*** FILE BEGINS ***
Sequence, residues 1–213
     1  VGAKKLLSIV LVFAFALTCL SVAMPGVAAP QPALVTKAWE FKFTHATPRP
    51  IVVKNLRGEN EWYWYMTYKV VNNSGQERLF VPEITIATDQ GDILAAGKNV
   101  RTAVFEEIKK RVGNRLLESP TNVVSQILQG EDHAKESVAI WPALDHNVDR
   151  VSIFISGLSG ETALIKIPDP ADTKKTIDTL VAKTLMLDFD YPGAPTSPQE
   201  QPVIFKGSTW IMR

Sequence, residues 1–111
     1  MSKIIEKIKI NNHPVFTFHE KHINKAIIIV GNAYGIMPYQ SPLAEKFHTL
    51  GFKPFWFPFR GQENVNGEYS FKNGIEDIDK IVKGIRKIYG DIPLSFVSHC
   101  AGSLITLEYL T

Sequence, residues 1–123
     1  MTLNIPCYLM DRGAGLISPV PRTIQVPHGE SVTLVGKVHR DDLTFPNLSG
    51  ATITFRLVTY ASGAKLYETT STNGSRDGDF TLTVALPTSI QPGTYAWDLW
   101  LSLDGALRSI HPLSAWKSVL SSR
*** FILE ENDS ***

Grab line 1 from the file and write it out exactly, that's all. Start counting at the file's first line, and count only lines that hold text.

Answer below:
Sequence, residues 1–213